GIS Data Sharing in the PSAP

Geographic Information Systems (GIS) is front & center in the march toward a fully-realized i3-based Next Generation 9-1-1 (NG9-1-1) environment.

Charles Van Hoose, Sr. GIS Analyst

November 16, 2016


Geographic Information Systems (GIS) is front & center in the march toward a fully-realized i3-based Next Generation 9-1-1 (NG9-1-1) environment. No longer considered a secondary, reactionary tool for Public Safety Answering Points (PSAPs), GIS is Identified as a key foundational element in the National Emergency Number Association (NENA) i3 specification.

Eventually all GIS shops – the people or departments in your organization that administer your GIS data – will need to share data with another entity. You can prepare for the upcoming mechanics of data sharing and even be a leader in establishing the “rules” or etiquette for proper data sharing.

There are many benefits to be gained. Entering into a data exchange arrangement with neighboring jurisdictions can be a great way to develop relationships with other agencies and can even help improve your data and workflows. Cooperative relationships and more comprehensive information can lead to improved regional planning and resource allocation throughout disaster situations, providing better coordination among response disciplines. Better information, shared and viewed by multiple incident commanders, leads to better decision-making and streamlined activities.


Preparing your own data for sharing is the best place to start. Lead the way in your data exchange by first developing the workflows to keep your data finely tuned and well documented, This involves fixing errors in your data, consolidating disparate layers containing similar features, standardizing attribute schemas and storage formats, and developing an objective and comprehensive quality review of the data you intend to share in the exchange.

Once you have prepared your own data for sharing, start the conversation by telling your future data partners why you are ready to share your data with them. This will help neighboring agencies understand how a data exchange can be beneficial to them. Be ready to discuss what data you have prepared to share and what you’re working on for the future. Outline the workflows you have developed to help your data partners understand how you plan to keep your data current, accurate and well maintained. This will encourage all participants in the data exchange to improve their own data maintenance procedures.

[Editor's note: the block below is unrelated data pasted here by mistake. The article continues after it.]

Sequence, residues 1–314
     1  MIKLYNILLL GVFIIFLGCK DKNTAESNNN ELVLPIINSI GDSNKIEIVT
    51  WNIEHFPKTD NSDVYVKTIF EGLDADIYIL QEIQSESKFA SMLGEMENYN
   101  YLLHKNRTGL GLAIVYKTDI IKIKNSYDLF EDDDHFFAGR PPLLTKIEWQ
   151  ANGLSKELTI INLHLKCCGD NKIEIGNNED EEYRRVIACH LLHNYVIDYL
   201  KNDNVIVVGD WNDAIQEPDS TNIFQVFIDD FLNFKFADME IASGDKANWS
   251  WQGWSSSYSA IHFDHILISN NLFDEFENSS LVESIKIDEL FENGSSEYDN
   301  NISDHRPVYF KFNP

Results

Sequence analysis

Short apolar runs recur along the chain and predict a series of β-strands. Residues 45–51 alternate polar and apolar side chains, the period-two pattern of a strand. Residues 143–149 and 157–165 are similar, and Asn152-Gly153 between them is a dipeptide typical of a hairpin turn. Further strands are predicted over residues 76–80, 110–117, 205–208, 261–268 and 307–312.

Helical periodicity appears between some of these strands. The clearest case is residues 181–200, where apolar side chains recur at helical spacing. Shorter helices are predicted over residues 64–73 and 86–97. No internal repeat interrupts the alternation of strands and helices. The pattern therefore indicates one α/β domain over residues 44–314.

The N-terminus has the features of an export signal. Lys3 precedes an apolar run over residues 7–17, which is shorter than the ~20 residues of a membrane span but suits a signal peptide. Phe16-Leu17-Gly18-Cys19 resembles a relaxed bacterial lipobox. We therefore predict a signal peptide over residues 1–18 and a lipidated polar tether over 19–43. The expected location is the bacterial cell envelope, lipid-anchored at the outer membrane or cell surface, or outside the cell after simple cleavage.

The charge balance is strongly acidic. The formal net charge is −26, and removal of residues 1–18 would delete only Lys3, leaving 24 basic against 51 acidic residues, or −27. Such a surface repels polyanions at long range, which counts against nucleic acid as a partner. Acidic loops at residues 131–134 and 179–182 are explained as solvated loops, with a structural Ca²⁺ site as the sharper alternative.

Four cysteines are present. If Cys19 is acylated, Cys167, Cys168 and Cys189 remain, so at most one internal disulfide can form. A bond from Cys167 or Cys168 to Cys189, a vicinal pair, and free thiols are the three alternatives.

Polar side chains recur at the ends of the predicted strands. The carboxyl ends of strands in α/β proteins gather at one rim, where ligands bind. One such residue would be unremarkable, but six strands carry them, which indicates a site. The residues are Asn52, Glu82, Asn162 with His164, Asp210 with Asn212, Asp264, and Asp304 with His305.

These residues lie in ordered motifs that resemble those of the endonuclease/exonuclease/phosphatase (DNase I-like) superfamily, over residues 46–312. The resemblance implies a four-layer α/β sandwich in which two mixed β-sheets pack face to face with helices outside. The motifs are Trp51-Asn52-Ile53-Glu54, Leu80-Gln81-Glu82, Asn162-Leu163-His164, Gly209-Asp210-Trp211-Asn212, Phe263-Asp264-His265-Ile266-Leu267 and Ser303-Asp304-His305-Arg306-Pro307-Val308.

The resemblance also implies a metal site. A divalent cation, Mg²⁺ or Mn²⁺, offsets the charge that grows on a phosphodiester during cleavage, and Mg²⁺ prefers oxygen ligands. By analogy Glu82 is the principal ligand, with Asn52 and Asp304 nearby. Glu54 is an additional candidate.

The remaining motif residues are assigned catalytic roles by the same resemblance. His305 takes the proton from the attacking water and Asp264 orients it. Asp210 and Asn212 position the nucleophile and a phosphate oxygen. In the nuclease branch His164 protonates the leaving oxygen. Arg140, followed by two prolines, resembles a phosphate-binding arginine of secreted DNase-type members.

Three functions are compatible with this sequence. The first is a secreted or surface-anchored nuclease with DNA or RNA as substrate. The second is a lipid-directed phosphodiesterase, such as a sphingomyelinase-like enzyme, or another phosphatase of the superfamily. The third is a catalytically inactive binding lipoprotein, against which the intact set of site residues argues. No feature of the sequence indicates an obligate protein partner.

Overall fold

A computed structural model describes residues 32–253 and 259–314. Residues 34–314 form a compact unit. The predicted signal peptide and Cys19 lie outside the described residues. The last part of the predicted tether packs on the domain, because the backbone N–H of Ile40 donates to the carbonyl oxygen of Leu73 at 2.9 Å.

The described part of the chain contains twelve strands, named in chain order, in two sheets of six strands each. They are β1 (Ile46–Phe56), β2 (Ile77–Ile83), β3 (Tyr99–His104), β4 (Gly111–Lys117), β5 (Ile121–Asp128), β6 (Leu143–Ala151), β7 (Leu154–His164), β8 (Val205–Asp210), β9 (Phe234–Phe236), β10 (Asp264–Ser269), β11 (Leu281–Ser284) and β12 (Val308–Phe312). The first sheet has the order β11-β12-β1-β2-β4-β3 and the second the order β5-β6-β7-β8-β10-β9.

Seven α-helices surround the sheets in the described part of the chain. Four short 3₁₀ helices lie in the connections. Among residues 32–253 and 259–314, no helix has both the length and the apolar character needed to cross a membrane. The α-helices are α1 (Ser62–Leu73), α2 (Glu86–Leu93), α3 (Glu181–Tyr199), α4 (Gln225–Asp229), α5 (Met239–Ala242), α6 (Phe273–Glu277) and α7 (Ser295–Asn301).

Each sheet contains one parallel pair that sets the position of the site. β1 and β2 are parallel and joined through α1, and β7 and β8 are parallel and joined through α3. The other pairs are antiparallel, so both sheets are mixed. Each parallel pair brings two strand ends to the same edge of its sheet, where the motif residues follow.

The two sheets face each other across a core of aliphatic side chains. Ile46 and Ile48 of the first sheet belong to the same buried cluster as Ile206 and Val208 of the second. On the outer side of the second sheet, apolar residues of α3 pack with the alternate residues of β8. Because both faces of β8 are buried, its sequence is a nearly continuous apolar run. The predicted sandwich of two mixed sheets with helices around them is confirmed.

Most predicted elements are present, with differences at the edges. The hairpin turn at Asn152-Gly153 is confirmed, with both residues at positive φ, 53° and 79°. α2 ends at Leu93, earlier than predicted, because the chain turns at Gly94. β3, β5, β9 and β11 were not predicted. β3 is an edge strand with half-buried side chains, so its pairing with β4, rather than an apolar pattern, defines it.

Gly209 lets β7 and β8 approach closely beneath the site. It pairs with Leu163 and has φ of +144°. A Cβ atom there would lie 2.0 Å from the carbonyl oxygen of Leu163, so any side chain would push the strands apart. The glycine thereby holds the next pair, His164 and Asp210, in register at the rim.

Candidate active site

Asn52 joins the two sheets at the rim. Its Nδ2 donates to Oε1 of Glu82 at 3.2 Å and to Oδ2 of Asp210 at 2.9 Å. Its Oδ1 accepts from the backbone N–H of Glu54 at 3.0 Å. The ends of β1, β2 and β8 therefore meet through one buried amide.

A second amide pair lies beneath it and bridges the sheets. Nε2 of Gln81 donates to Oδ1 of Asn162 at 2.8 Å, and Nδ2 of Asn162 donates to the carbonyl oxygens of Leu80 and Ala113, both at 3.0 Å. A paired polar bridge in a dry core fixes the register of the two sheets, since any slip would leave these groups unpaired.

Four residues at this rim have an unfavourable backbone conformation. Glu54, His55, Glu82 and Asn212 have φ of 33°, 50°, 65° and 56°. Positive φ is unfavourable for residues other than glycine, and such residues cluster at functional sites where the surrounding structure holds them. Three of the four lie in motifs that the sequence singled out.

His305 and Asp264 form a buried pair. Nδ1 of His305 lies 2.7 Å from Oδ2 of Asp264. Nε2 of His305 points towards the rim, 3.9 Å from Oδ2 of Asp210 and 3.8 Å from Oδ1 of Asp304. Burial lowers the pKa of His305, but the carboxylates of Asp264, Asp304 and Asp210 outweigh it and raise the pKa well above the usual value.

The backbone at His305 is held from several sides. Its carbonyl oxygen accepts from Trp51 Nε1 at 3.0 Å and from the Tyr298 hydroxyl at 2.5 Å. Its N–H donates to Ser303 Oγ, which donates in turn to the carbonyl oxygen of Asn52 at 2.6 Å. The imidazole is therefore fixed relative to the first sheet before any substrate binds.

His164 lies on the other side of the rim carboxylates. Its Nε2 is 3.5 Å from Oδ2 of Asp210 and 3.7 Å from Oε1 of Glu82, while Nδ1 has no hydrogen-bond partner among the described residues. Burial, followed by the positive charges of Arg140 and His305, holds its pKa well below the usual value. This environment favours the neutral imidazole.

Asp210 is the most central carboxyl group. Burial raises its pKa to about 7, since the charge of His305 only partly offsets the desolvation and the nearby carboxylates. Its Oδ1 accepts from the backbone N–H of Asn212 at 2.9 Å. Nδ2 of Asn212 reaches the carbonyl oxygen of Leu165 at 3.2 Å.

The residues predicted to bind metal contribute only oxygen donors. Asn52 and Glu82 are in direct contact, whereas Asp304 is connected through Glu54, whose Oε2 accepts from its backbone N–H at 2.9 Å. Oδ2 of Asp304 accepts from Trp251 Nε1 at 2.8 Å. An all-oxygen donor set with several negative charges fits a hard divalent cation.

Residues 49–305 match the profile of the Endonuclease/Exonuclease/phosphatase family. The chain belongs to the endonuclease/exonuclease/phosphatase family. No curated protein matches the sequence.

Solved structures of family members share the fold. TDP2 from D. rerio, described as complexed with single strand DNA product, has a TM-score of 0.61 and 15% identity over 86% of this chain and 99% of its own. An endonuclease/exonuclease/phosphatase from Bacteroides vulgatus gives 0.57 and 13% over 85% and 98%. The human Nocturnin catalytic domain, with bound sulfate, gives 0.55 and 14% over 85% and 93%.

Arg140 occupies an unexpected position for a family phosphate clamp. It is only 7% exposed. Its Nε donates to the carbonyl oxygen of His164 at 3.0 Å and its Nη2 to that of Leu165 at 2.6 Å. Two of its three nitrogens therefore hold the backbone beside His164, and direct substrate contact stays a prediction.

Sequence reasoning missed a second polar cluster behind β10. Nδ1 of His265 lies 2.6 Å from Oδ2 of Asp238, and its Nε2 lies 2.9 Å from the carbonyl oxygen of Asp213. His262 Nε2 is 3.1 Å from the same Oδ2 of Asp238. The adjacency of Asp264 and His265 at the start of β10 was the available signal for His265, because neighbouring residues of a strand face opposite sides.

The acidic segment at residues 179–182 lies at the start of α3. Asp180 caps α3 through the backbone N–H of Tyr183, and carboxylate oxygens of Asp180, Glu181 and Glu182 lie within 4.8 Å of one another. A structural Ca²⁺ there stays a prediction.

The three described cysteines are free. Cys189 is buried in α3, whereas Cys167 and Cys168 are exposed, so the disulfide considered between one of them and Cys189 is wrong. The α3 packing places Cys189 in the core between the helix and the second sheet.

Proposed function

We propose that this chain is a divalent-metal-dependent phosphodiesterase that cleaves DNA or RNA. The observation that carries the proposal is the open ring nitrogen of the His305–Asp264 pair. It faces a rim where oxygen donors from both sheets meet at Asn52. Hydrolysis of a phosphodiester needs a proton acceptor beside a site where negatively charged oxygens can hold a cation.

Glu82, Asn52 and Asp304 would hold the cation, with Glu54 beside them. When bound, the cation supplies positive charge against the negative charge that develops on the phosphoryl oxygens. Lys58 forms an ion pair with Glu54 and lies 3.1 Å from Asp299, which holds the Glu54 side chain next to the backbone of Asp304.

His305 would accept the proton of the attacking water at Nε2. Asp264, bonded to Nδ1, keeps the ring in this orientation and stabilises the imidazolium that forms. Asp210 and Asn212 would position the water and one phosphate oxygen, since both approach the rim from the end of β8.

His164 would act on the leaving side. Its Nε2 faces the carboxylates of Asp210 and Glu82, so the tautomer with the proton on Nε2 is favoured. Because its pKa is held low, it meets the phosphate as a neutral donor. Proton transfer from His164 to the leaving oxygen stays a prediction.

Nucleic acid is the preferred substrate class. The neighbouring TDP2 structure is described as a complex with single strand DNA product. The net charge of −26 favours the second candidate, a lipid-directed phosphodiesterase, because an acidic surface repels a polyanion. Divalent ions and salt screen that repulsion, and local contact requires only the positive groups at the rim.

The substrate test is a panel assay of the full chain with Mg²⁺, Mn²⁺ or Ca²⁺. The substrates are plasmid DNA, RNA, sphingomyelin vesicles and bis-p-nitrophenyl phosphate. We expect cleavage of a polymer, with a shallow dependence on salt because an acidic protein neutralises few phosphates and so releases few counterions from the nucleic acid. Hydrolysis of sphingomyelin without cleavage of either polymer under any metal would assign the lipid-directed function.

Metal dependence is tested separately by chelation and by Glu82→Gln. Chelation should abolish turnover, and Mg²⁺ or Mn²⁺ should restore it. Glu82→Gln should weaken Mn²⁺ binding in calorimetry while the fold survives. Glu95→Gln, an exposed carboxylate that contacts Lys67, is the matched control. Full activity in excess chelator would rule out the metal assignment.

You may find that the neighboring agencies you wish to partner with already use vendors to manage some or all of their GIS data. In this situation it is usually best for the vendor to provide data only to the agency or agencies covered by their contracts. The personnel from those agencies should then be willing to provide their data to neighboring agencies involved in the exchange. Neighboring agencies should NOT be directed to a data services vendor unless expressly agreed upon by all parties involved. Talking through these situations can help avoid any confusion about who is responsible for doing what.

Consistency and communication will be the real keys to success. Consistency in data formatting and delivery methods, communication about schema changes and other workflow related changes is essential. None of this happens overnight, so starting conversations with potential data partners early and staying focused on your data are great ways to see positive results sooner.

You can create a viable yet flexible relationship between your GIS data, GIS software, and the people who access them for Legacy or E9-1-1, NG9-1-1, and everything in between. Click here to learn how to utilize state-of-the-art, end-to-end tools for accurate GIS data and routing solutions.

Mr. Van Hoose is a Senior GIS Analyst at West’s Safety Services. In this role, he orchestrates and develops all operations of GIS services relating to the deployment of dispatch mapping products. Charles attended Stephen F. Austin State University; in 2010 he earned the first ever B.S. in Spatial Science.

Author Name
Charles Van Hoose, Sr. GIS Analyst